Sleep fights inflammation and atherosclerosis in mice
Better go to sleep right away.
BOSTON — A new study published in the journal Nature has found that getting adequate sleep can help by reducing inflammation in the body and fighting against atherosclerosis.
According to Live Science, the study found that fragmented sleep in mice affects levels of a certain hormone, which then increases production of inflammatory cells in the bone marrow. This inflammation plays a role in the development of atherosclerosis.
Atherosclerosis is a condition where plaques made up of fat, cholesterol, calcium and other substances build up inside arteries.
The new study looked at mice that were genetically prone to atherosclerosis. Some of the mice were allowed to get adequate sleep, while another group's sleep was frequently interrupted by a "sweep bar" that automatically swept across the bottom of the cage.
The scientists found the sleep-deprived mice had larger arterial plaques and higher levels of inflammation in their blood vessels compared with the sleep-sufficient mice.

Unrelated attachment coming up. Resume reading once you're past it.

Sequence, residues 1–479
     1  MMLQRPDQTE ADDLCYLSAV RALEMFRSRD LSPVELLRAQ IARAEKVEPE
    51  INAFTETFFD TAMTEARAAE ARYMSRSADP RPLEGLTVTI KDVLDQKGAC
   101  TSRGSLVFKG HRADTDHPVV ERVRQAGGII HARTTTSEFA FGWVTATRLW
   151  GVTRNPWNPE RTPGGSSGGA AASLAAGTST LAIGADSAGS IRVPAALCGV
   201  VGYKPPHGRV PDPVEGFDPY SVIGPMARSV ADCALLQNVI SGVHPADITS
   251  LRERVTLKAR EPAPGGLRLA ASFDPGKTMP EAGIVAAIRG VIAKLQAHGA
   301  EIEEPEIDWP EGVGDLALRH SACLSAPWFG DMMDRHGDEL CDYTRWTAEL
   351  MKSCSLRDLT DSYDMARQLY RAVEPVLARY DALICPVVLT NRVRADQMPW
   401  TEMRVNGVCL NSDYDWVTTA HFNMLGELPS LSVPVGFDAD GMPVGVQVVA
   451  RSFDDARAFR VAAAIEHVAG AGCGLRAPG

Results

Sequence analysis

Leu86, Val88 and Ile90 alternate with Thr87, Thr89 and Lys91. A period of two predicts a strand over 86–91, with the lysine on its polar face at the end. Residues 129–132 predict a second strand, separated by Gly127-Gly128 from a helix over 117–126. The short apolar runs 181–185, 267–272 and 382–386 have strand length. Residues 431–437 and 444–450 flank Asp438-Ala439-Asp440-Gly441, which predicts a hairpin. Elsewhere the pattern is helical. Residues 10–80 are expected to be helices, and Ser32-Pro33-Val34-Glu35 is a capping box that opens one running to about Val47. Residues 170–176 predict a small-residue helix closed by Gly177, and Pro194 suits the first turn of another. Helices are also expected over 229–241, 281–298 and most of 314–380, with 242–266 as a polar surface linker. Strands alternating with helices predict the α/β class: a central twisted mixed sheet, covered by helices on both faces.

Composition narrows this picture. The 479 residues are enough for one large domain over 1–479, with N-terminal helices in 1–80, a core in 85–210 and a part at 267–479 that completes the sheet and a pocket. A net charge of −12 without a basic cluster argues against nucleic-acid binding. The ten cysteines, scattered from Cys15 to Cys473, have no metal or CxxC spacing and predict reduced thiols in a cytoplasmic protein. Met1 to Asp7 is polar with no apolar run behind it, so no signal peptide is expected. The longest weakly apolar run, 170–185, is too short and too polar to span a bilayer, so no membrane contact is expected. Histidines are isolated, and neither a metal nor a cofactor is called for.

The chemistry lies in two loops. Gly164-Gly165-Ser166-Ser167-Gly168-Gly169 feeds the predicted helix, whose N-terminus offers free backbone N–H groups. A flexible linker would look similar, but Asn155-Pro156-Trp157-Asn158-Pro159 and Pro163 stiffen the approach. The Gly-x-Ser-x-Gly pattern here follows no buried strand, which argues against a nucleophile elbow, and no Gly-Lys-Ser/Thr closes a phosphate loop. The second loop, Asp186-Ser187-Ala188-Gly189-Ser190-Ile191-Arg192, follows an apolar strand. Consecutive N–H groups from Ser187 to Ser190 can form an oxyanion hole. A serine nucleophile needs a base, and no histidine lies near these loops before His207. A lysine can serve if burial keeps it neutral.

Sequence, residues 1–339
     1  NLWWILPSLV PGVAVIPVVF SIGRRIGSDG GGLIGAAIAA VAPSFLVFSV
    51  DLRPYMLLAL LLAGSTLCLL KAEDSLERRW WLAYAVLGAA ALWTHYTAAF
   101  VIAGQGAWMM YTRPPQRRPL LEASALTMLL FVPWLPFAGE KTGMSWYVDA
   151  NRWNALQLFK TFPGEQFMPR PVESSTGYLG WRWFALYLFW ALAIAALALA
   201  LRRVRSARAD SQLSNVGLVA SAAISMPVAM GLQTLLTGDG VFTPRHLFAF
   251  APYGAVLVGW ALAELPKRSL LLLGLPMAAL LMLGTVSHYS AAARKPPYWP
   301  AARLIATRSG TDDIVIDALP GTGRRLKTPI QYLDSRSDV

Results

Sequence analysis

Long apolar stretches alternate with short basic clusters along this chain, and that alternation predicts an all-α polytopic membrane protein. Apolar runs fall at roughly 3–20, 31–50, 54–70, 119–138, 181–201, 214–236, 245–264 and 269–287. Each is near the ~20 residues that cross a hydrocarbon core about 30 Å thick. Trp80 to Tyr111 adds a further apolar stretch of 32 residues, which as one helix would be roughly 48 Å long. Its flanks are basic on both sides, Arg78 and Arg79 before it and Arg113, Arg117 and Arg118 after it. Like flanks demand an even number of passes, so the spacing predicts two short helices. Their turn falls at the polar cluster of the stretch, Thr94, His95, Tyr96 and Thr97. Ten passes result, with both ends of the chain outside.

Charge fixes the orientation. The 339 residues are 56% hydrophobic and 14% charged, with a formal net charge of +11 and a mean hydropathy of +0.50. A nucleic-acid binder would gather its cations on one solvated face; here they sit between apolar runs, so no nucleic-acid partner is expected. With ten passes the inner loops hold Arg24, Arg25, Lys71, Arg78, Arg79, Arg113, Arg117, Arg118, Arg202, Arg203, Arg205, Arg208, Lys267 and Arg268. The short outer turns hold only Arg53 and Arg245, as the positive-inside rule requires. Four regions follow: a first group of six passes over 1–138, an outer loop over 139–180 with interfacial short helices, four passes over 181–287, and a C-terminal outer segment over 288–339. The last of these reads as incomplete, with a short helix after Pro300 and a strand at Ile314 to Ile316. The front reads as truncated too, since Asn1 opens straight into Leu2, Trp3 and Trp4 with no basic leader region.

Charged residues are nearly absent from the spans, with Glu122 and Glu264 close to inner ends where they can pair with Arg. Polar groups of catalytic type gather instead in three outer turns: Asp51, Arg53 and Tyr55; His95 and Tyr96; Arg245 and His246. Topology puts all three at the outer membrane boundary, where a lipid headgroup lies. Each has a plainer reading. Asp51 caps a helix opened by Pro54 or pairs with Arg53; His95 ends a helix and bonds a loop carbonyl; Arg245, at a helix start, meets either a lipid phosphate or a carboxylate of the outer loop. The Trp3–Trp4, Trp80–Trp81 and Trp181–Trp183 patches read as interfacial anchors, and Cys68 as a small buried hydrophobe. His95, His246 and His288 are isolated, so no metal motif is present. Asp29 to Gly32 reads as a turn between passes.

Researchers also discovered sleep-deprived mice had lower levels of the hormone hypocretin, which led to an increase in the levels of the signalling protein CSF1. This in turn increased production of inflammatory white blood cells in the bone marrow and accelerated atherosclerosis.
The team found that by restoring hypocretin levels in the mice reduced atherosclerosis.
According to study senior author Filip Swirski, of the Massachusetts General Hospital Center for Systems Biology, "we have discovered that sleep helps regulate the production… of inflammatory cells and the health of blood vessels and that, conversely, sleep disruption breaks down control of inflammatory cell production, leading to more inflammation and heart disease."
The next step will be for researchers to see if the results can be replicated in humans.
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